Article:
February 11, 2020


Do you have a trade secret?  If so, do you know how to protect it?  In a recent case, the plaintiff was a technology company that provides messaging services (“Plaintiff”).  The defendant was one of the Plaintiff’s co-founders (“Defendant”).  Over time, the relationship between the Plaintiff's co-founders deteriorated and the Defendant created a new company.  The Defendant also created a new product (“New Product”) that was allegedly similar to a product created by the Plaintiff (“Plaintiff’s Product”).  When the Plaintiff’s other co-founder discovered that the Defendant was planning to release the New Product, the Plaintiff filed a lawsuit against the Defendant. The Plaintiff alleged that the Defendant misappropriated the Plaintiff’s trade secret, the Plaintiff’s Product.  In considering the Plaintiff’s lawsuit’s claims, the court considered whether the Plaintiff’s Product was a trade secret that was entitled to protection under, among other things, the Defend Trade Secret Act.  The court found, among other things, that the Plaintiff’s Product is a concept and that a concept can be protected but it must have enough substance to be economically valuable and for a court to know what it is protecting.  The court found that without code, an instruction manual, or details on how the Plaintiff’s Product will work, the Plaintiff’s Product lacked the substance necessary to be a trade secret.  The court also found there were no reasonable efforts to protect the secrecy of the Plaintiff’s Product.  Accordingly, the court found that the Plaintiff failed to establish that the Plaintiff’s Product is a trade secret.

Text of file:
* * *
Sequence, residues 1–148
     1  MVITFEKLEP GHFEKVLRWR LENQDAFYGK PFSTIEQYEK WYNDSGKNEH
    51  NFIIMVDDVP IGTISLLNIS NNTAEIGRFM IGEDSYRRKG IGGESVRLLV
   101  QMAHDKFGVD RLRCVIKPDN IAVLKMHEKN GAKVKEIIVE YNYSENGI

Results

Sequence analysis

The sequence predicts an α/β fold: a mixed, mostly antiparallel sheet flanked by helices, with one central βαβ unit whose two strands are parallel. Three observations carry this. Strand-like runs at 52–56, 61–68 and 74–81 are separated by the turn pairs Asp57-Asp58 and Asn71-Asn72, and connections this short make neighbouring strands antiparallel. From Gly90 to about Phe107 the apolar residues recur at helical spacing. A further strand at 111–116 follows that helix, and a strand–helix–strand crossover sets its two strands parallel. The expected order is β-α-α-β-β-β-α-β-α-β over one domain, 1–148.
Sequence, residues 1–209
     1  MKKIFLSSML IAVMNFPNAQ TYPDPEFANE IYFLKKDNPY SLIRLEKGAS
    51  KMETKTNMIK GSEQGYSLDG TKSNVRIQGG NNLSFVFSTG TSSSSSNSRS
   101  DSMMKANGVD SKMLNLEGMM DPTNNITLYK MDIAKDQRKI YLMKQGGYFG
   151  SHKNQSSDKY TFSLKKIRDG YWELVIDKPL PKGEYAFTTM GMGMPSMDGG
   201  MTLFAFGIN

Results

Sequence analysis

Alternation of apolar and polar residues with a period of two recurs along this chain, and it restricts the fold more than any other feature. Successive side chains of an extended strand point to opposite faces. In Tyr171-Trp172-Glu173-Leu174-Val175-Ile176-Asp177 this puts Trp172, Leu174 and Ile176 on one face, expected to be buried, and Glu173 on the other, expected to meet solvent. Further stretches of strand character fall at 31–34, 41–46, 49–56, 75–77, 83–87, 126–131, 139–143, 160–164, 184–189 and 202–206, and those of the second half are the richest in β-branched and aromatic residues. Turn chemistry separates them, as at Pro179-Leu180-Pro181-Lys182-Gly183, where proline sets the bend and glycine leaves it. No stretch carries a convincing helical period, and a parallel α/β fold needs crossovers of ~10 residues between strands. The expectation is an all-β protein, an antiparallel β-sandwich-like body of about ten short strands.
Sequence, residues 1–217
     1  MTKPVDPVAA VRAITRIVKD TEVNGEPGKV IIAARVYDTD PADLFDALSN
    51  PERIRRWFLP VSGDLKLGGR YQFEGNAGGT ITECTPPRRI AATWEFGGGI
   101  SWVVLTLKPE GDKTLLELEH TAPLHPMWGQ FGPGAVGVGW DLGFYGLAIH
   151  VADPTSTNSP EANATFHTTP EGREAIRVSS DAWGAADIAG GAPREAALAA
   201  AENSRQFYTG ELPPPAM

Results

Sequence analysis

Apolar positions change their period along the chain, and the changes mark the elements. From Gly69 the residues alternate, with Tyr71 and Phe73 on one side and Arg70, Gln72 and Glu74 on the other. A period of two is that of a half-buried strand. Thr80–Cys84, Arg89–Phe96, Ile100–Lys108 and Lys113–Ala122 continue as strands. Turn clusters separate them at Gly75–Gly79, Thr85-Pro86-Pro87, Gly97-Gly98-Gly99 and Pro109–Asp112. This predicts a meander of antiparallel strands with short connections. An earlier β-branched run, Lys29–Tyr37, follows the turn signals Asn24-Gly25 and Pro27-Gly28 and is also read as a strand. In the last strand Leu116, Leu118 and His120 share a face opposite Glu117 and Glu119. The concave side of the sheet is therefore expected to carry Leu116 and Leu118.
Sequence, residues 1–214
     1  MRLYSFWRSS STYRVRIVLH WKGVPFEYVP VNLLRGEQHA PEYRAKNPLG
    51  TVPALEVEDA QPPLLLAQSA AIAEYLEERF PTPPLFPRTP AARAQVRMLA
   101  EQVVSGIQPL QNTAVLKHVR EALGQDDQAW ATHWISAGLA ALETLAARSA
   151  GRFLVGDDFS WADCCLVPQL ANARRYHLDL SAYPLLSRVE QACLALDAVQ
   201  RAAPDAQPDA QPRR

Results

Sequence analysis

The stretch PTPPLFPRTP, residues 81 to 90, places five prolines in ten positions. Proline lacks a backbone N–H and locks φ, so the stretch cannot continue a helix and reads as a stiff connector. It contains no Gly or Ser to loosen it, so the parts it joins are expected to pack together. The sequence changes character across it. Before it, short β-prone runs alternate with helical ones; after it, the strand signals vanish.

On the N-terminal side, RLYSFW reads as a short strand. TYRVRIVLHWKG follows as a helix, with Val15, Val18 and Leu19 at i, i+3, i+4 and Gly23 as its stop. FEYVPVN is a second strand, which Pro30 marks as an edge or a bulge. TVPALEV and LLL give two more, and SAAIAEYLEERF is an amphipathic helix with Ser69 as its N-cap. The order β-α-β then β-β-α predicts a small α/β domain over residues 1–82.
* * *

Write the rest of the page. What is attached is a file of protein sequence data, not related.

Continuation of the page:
For more information about the topic of this blog post, please contact Stark Weber PLLC’s Steven D. Weber at 305-377-8788 or steve@starkweber.com.